Record beach litter leads to new DRS call

Record beach litter leads to DRS call
Bottle found in Porth Neigwl, Wales
The Marine Conservation Society (MCS) has called for the introduction of a deposit-return system (DRS) for all ‘single-use drinks containers’ after a record amount of litter was found on beaches last year.

Over 8,000 plastic bottles were found on UK beaches during the weekend of the organisation’s ‘Great British Beach Clean’, where over 6,000 volunteers collected litter from their local beaches, according to report findings published by the MCS today (23 March).

On average, 99 bottles were picked up along every kilometre cleaned, at 340 beaches from Orkney to the Channel Islands. The MCS estimates that plastic bottles could take up to 500 years to break down in the sea. The report reveals a 34 per cent rise in beach litter overall between 2014 and 2015, with 3,298 pieces of litter found per kilometre.

Data in the report is compared across the UK and shows an increase in litter in all countries except Wales. Perhaps most concerning is the rise in beach litter found in Northern Ireland which saw a 307 per cent increase from 2014. England saw a 34 per cent increase, and Scotland a 66 per cent rise in litter found on beaches, MCS reports.

Plastic bottles up by 43 per cent

The report shows that there was a big percentage rise in most drinks containers found on beaches between 2014 and 2015 collections. It reported that the number of plastic drinks bottles increased by over 43 per cent, metal drinks cans by almost 29 per cent, and drinks container caps and lids by over 41 per cent. The number of glass bottles found by MCS collections dropped, but by less than one per cent.

The MCS says that a DRS, which puts a surcharge on drinks containers that is refunded when they are returned for recycling, would ‘give value to items often regarded as having zero worth’ and so would encourage people to dispose of them responsibly.

Have you got the bottle?

In Scotland, MCS is a founding partner of the ‘Have you got the bottle?’ campaign led by the Association for the Protection of Rural Scotland (APRS), which aims to bring in legislation for a DRS to Scotland. The Scottish Government has been considering a DRS for over a year, but in December, Environment Secretary Richard Lochhead said that more consideration is needed on a number of issues (including particular focus on the retailer costs and implications for small stores under any potential scheme) before a decision can be made.

Calum Duncan, MCS Head of Conservation in Scotland said: “We’re confident that evidence from other countries and a successful trial at Heriot-Watt University shows that a Scotland-wide roll-out of a DRS would lead to reduction in the number of drinks containers that blight our beaches.

“A survey for APRS showed that 78.8 per cent backed a DRS for Scotland. With countries like Germany, where DRS was introduced a decade ago, recycling near to 99 per cent of drinks containers, it’s not difficult to see why support is growing for this proven system.”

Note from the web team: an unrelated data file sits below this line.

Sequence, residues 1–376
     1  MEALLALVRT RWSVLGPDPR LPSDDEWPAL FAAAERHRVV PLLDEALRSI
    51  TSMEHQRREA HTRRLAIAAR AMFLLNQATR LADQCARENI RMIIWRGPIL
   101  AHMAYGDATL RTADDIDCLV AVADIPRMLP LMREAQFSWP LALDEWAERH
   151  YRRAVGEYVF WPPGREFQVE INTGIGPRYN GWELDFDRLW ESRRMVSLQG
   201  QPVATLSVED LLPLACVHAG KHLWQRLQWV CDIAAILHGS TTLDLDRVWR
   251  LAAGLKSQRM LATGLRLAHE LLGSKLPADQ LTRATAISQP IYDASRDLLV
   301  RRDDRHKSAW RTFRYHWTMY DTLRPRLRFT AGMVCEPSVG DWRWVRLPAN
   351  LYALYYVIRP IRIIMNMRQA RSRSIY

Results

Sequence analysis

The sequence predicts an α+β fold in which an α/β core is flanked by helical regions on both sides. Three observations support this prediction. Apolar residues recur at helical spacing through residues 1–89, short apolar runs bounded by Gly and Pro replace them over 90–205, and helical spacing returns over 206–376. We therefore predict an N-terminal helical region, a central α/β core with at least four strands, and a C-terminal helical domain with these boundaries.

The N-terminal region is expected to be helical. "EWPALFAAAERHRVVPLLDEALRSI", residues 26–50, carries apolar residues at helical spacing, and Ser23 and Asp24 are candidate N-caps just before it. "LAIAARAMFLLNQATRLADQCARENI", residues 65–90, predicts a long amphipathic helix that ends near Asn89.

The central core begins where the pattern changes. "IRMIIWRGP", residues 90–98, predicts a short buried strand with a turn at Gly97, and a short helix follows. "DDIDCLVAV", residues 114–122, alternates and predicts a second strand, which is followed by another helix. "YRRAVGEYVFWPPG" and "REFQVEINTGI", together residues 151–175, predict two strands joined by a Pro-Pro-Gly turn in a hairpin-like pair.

The National Assembly for Wales has also discussed the possibility of trialling a DRS system in the country and Gill Bell, the MCS’s Head of Conservation Wales, said: “People in Wales have shown they support environmental initiatives such as the carrier bag charge and general recycling. We think they’ll also get behind a DRS for drinks containers, given the high number of bottles we found on Welsh beaches – 875 bottles from 8.5km of coastline.”

England is ‘hanging fire’

MCS Beachwatch Manager Lauren Eyles said: “Studies have shown that a scheme can reduce the amount of littered drink containers, lead to more recycling and contribute to the circular economy.

“A coordinated UK-wide system would have an even greater impact on litter levels. There’s clearly an appetite for it in Wales and Scotland, but it seems Westminster is hanging fire – just like it did with the single-use carrier bag charge.”

Opposition to DRSs

There is not unanimous support for the introduction of DRSs in the UK, however, with packaging groups leading the opposition. In Scotland, the Packaging Recycling Group Scotland (PRGS) has said that the proposed system for the country ‘‘fails on nearly every practical level and ignores current consumer behaviour”.

The need for deposit systems, they argue, has been hit by increased use of kerbside recycling services and the recent proliferation of online shopping and home deliveries.

Last year, AG Barr, the manufacturer of soft drink Irn Bru, stopped a 30p buyback scheme that it had offered since 1905, explaining that recycling at home had contributed to a drop in bottles being returned from 90 per cent in the early 1990s to only about 50 per cent now.

Writing in Resource in 2013, Jane Bickerstaffe, Director of the Industry Council for research on Packaging and the Environment (INCPEN), which has long opposed the introduction of DRSs in the UK, said that DRSs only work in the right circumstances. She said: “Putting a deposit on drinks containers would just divert them from the council’s kerbside collection system into a separate collection system. Given the widespread availability of kerbside and bring systems for recycling, it seems unlikely that deposits would increase recycling.”

Find out more about Scotland’s work on DRSs and further arguments for and against deposit-return systems.

The MCS’s full Great British Beach Clean 2015 Report is available on the organisation’s website.